Raspberry Pi for Theater

Raspberry Pi: Live @ The Brick Box

I was helping with a Theater production at the Brick Box here in Rutland, Vermont. I was in charge of running the lights and sound, but the only sound they needed for the show was a telephone ring. I could have looked online for a phone ring device designed to be used in theater, but instead I decided to use a Raspberry Pi to get the job done. Here is how I did it.

First off, I was going to be in the back of the audience, and the phone ring needed to come from behind the stage. So I needed a way to have my Raspberry Pi Setup back stage, but be able to control it from the back of the theater. I decided to set it up as it’s own wireless access point, with DHCP server. To accomplish this, I configured the wireless adapter on the Pi with a static IP address of 192.168.42.1, and installed a program called hostapd. The hostapd program allows you to broadcast an SSID (name of network for other devices to see and connect). Then I edited the config files to use the name I wanted for the network, as well as set a password, so only I would be able to connect to the network. I also needed to install  isc-dhcp-server which allows the Pi to act as a DHCP server, and assign IP addresses to any device that connects to the Pi’s wireless access point. After all of these were install and set up properly, my Pi was ready to run headless (without a monitor connected to it).

To set up the wireless access point, I followed instructions found here: https://learn.adafruit.com/setting-up-a-raspberry-pi-as-a-wifi-access-point?view=all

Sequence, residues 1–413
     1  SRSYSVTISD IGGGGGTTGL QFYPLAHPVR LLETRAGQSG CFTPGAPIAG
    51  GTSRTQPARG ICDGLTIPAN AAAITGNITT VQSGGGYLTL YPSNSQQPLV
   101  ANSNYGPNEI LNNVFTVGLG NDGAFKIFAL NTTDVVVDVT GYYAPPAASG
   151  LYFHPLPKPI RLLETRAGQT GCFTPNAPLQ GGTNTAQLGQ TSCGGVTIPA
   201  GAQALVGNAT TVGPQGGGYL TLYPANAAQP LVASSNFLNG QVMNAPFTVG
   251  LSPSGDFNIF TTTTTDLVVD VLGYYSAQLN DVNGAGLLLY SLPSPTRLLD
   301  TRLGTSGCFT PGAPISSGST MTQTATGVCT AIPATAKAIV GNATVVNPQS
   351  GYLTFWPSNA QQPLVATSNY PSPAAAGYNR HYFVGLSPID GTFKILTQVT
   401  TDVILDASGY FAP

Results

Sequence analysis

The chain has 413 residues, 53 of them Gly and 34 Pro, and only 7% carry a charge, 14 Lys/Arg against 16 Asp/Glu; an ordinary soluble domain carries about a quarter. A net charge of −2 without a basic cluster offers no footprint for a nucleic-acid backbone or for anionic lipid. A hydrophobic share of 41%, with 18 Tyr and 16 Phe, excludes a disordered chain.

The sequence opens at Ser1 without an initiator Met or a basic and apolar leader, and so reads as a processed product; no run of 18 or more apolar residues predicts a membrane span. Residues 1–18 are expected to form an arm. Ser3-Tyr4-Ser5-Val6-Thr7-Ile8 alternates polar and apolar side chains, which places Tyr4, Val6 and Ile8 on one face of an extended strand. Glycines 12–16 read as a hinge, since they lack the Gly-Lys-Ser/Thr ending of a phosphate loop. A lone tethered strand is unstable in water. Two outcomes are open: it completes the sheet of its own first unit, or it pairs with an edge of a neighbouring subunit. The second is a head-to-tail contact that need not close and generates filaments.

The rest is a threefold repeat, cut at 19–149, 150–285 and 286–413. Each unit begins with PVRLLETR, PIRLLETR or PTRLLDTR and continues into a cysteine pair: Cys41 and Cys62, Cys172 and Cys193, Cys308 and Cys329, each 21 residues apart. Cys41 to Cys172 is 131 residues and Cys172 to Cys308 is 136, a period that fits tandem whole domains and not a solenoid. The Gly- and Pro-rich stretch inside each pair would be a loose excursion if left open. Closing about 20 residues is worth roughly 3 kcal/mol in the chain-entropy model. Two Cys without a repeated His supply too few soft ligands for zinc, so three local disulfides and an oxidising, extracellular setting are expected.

Now that my Pi was set up properly, all I needed to have plugged into it was power, and a speaker for the ring noise. I used a rechargeable speaker called a Music Bullet I got for Christmas a few years ago, but never really used til now. I also used a Lenovo Battery pack for recharging devices like cellphones and tablets on the go. I tested it, and the battery pack can keep the Pi powered and running for the better part of a day on a single charge. The only thing left to do was copy the sound file to it.

Pi Project finished

Bottom: Lenovo Battery, Middle: Raspberry Pi in a case, Top: Music Bullet rechargeable speaker.

IMAG0008

All that needed to be plugged in was Power on the left, and speaker audio cable on right. The wireless adapter is inside the side door of the case, and protected from being removed.

Screenshot from 2015-03-22 11:10:02

I connected my Laptop to the wireless access point of the Pi, in my case it was called TheCocktailHour as that was the name of the show.

Screenshot from 2015-03-22 11:08:05

Then I used the ssh command to connect to the Pi. Once connected I copied the phone ring .wav file that I found online using the “scp” command. With the sound file on the Pi, It was ready to go.

Screenshot from 2015-03-22 11:08:39

I used a command line media player that was already included with Raspian called “omxplayer” to play the .wav file called Phone1.wav at a volume of 800, which we decided was loud enough for the audience to hear, but not too loud to the point of distorting the ring sound from such a small speaker.

So for the shows, I would plug in the Pi and speaker backstage, and turn everything on. I would have my laptop with me up in the back of the audience, next to the light board. I would connect my laptop to the network “TheCocktailHour, and ssh into the Pi. Once there, it would sit, with the command typed waiting for the cue for the phone ring. When it was time, just pressing enter started the ringing. Once the actor exited stage to answer the phone, I waited a minute, and then used Ctrl+c to end the media playback, as if they answered the phone. It worked flawlessly every night.

If you have any questions, or comments, please feel free to leave them in the comments below, or reach you me at chad.merkert@merkerttech.com


Chad Merkert
Computer Technician/Web Developer
chad.merkert@merkerttech.com
www.merkerttech.com
www.chadmerkert.com

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